The Attorney General of Lagos State, Mr. Ade Ipaye, has described recent attempts by the Federal Government to continue implementation of tourism projects in states across the country as unconstitutional.
He also noted that by interfering in tourism, the Federal Government was deliberately disregarding the clear pronouncement of the Supreme Court in the case of Attorney-General of the Federation v. Attorney-General of Lagos, which was decided only last year.
“On Tuesday, March 4, 2014, the Minister of Culture and Tourism informed the National Assembly that the Federal Government required the sum of N25 Billion to implement the country’s Tourism Master-plan. The Director General of Nigerian Tourism Development Corporation has also gone to the press recently with the tourism plans of the Federal Government for implementation in States”, he said.
He alluded to July 19, 2013, wherein the Supreme Court in the case of Attorney-General of the Federation v. Attorney-General of Lagos held that the power or jurisdiction of the Federal Government on tourism matters, as specified in Item 6(d) of the Exclusive Legislative List (1999 Constitution), was limited to the regulation of tourist traffic.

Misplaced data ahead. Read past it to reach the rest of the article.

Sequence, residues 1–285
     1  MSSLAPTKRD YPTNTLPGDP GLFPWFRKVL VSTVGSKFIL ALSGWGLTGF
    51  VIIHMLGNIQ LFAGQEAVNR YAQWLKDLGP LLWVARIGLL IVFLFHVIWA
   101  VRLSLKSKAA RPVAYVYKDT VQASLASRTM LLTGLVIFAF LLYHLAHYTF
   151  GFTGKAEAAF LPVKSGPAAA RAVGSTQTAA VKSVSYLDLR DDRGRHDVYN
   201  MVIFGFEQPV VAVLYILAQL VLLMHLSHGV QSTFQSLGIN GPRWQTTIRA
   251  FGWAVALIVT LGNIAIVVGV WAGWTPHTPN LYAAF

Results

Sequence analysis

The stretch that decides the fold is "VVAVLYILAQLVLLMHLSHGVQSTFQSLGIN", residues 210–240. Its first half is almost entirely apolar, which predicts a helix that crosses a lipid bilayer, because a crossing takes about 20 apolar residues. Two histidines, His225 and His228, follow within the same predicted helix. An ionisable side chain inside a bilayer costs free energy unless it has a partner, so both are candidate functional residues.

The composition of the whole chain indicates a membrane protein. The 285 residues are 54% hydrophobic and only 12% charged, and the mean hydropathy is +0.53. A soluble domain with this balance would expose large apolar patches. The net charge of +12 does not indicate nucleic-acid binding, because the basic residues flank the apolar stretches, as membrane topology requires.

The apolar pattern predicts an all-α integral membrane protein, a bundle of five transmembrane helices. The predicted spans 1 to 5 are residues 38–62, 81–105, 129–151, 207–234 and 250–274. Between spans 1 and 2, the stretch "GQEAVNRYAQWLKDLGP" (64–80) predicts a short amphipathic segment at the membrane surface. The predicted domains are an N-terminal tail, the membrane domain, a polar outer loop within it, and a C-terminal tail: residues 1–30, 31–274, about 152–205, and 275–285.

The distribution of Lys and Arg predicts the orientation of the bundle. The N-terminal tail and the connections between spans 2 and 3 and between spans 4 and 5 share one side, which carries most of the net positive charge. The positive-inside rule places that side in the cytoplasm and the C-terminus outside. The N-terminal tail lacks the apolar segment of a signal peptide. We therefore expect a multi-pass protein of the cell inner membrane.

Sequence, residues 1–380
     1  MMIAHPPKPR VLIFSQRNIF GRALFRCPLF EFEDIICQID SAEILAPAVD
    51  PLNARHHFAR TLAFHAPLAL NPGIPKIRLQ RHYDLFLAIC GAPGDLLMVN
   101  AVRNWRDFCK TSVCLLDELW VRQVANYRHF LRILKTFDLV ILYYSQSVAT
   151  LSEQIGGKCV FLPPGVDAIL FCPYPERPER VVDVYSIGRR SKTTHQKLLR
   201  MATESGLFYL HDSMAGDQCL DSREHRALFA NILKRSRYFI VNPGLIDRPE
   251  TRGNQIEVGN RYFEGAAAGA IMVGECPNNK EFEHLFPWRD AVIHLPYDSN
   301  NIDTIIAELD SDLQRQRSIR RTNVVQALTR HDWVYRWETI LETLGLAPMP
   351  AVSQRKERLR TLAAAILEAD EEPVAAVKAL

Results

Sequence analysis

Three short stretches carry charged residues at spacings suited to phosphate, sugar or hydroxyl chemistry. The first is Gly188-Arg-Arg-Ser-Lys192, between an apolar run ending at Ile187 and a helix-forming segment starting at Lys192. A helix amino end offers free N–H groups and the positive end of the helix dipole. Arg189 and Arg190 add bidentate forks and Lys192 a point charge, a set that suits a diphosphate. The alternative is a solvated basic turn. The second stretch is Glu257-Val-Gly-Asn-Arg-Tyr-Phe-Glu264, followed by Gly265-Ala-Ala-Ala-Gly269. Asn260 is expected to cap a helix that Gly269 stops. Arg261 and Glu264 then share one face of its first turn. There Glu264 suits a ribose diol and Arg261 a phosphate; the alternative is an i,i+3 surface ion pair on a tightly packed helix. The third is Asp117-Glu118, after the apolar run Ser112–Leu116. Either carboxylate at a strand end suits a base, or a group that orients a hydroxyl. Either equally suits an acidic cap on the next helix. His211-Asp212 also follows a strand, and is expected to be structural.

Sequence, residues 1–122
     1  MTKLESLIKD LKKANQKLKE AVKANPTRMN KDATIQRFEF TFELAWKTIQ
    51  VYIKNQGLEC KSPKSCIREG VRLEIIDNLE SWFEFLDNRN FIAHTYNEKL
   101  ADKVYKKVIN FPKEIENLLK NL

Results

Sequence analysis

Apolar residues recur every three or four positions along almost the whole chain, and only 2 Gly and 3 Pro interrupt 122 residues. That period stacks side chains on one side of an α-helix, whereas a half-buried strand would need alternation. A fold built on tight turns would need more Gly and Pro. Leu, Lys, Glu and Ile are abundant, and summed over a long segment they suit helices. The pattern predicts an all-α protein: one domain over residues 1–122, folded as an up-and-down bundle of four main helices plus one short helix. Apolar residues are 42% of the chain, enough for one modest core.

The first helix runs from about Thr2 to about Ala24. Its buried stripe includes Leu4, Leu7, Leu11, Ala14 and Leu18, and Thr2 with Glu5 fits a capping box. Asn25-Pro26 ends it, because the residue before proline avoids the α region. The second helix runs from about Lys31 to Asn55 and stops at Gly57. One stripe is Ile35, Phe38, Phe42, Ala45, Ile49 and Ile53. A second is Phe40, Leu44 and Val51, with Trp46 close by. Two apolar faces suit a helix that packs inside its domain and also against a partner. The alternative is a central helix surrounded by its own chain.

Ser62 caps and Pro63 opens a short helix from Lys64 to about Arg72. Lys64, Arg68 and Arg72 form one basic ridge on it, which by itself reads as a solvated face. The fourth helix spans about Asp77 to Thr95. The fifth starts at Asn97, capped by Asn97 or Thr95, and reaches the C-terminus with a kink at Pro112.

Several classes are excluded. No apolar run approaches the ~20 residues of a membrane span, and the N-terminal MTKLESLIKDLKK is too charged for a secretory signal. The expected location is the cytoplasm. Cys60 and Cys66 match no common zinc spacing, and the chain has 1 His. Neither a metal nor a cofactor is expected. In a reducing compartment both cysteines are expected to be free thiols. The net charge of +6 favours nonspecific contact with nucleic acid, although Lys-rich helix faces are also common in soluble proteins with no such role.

“The Supreme Court interpreted this as covering only the entry and exit of international visitors through visa and immigration regulations, and concluded that regulation of tourism in Nigeria was a residual matter within the jurisdiction of State Governments”, he said.
Ipaye also pointed out that tourism and cultural festivals that take place in Lagos State, such as the Adamu Orisa, Black Heritage Festival, Lagos Carnival and New Year countdown were promoted and funded by Lagos State Government without any input from the Federal Ministry of Tourism and Culture or its agency. He expressed the fear that money allocated from the Federal purse to support festivals may end up with States perceived as friendly, to the detriment of others.
According to him, instead of allocating funds to tourism, which is a local and residual matter for States, the Lagos State Attorney General urged the Federal Government to pay more attention to the police and prison authorities.
According to him, poor funding of both federal institutions was putting pressure on State security and adversely affecting the criminal justice system. He noted that states like Lagos were already spending billions of Naira to supplement federal agencies on security, hence the need for the Federal Government to focus more on its core responsibilities.